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The IRS wants its cut of your gambling winnings

If you're betting that Funny Cide will be the first horse across the Belmont Stakes finish line on June 7, you have lots of company.

With the gelding poised to become only the 12th Triple Crown winner, and the first in 25 years, interest in the race is running high. More than 100,000 race enthusiasts are expected to jam the Long Island, N.Y., track to personally cheer for the home-state favorite; Belmont Park has even enlarged its grandstands to accommodate more spectators. Millions more worldwide will watch the spectacle on television.

Many of these racing fans have more than just horse racing history on their minds. They've handed over a couple of dollars or more to bookmakers, legal and not-so-legal, hoping to cash in on a pony's performance. These wagers spotlight a persistent Internal Revenue Service problem: tracking and taxing gambling winnings.

It's a challenge the agency faces daily because many people don't realize that gambling winnings are taxable. Of those who do, a good portion simply choose to ignore the law.

America's real pastime
ambling has been around at least since man was able to record his activities. Dice almost identical to those used on today's gaming tables have been recovered from Egyptian tombs and Chinese excavations dating to 600 B.C.

In addition to the well-publicized offerings of Las Vegas and Atlantic City, betting is commonplace throughout the United States. The choices range from off-track betting parlors to charitable bingo games to riverboat casinos to state-operated lotteries.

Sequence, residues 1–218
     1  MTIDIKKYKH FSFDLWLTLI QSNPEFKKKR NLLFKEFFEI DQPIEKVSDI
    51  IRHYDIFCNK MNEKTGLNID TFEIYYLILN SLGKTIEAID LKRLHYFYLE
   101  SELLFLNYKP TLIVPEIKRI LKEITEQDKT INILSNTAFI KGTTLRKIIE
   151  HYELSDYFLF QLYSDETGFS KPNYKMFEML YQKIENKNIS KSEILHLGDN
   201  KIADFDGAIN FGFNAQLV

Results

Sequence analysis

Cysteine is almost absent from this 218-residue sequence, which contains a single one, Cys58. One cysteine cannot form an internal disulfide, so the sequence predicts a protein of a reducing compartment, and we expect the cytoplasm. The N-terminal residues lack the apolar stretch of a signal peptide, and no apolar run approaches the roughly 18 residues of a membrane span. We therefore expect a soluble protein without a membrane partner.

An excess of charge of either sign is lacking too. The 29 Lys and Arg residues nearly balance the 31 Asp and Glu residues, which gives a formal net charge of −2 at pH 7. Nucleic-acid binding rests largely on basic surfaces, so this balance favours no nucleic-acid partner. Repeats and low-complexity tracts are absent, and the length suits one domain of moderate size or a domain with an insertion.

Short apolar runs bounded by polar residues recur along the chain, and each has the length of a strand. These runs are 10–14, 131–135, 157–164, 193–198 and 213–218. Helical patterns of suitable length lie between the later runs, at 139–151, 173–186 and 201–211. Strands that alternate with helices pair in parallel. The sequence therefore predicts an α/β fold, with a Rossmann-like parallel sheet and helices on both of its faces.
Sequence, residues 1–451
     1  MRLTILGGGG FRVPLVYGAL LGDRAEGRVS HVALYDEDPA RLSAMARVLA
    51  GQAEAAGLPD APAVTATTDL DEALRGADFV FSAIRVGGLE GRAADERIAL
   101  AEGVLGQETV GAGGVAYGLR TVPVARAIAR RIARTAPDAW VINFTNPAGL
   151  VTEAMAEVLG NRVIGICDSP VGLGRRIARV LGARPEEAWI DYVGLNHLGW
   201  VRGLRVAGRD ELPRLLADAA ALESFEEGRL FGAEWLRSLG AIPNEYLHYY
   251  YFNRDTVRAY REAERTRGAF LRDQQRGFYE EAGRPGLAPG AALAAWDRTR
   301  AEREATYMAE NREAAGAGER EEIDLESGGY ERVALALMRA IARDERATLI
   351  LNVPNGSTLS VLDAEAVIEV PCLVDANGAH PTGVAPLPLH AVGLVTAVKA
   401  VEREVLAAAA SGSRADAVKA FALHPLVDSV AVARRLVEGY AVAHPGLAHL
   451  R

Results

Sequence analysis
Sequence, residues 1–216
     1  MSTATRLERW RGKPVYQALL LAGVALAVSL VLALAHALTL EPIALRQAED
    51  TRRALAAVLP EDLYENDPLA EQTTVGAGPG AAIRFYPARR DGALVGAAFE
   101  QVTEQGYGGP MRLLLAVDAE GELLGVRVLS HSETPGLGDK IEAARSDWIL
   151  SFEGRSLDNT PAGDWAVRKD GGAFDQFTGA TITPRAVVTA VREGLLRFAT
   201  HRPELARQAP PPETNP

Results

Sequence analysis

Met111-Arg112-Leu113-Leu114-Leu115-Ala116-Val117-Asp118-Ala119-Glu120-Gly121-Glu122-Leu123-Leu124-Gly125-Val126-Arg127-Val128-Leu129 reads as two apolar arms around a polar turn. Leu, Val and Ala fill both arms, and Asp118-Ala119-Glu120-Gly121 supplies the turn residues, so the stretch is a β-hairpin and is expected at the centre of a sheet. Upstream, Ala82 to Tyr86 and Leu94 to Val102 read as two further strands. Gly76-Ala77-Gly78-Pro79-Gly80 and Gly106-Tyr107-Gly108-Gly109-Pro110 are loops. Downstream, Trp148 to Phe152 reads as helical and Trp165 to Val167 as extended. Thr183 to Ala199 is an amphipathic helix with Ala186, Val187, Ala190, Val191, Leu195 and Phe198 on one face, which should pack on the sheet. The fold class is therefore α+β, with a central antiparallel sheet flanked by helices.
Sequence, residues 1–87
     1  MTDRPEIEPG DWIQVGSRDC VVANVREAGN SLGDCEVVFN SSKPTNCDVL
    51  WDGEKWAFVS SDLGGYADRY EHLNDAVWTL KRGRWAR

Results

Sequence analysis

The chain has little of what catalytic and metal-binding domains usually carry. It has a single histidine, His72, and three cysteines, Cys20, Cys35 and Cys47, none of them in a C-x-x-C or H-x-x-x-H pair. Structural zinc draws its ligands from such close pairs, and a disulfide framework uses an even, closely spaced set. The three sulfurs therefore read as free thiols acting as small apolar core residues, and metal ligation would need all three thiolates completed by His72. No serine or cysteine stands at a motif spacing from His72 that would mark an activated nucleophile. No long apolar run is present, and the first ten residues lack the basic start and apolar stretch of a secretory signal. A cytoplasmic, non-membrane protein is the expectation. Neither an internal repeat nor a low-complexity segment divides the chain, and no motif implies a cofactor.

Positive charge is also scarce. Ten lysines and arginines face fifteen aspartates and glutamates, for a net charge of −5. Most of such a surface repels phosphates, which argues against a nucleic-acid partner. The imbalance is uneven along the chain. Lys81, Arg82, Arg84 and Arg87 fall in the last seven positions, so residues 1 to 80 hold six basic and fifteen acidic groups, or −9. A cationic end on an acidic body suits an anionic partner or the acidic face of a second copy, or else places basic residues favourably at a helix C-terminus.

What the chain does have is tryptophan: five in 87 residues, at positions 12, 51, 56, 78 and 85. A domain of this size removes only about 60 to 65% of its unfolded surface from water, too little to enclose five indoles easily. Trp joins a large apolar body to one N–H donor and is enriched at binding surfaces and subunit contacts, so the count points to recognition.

Then there are the online gambling opportunities. A check of any Internet search engine will turn up thousands of gambling sites that are expected to generate $5 billion in 2003 for their operators, according to a General Accounting Office study.

These Web sites typically are foreign headquartered to avoid running afoul of U.S. and state laws against the practice. But thanks to the Internet's boundary-busting capability, you can place a bet by credit card or other electronic payment method. Some card issuers, however, now deny gambling-related transactions, citing risk factors if the cardholder disputes or refuses to pay the charges.

Couple all these gambling options with Americans' love of athletics, and betting on sporting events has arguably become the true national pastime.

States with gaming
Commercial casinos Colorado, Illinois, Indiana, Iowa, Louisiana, Michigan, Mississippi, Missouri, Nevada, New Jersey, South Dakota
Racetrack casinos Delaware, Iowa, Louisiana, New Mexico, Rhode Island, West Virginia
Tribal gaming (casinos, bingo, pulltabs, etc.) 29 states
Lotteries 40 states plus the District of Columbia
Pari-mutuel wagering 41 states
Charitable gaming 47 states plus the District of Columbia

So many events, so many bets
In the United States, legal betting on sports is allowed only in Nevada, and Las Vegas draws millions of visitors each year expressly for that purpose. Silver State casino operators report more than $2 billion is bet annually on athletic events, including racing (horse and auto) and professional and collegiate sports.

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The dollars add up because there are countless ways to get a piece of the action. Wagers aren't just placed on the eventual winner.

In football, you can bet on who will catch the first pass, who will rush for the most yardage (team and individual), who will get the first sack. In horse racing, wager on which steed will lead at each turn or halfway. If it happens in a game, the sports book operation will take a bet on it.

But casino bets aren't a real concern for the IRS. The tax man has a way to track Nevada's legal athletic wagering. However, those dollars, according to the American Gaming Association, represent less than one percent of all sports betting nationwide.

It's a dicier tax proposition when it comes to pursuing bets placed at increasingly popular offshore sports-betting operations, dollars dropped into friendly office pools and illegal wagers handled by bookies. In fact, the National Gambling Impact Study Commission estimates that illegal wagers run as much as $380 billion annually.

Why the bells go off
Legal betting operations -- state lotteries, casinos and horse racing tracks -- are regulated. One of the government agencies that has a say in these operations is the IRS.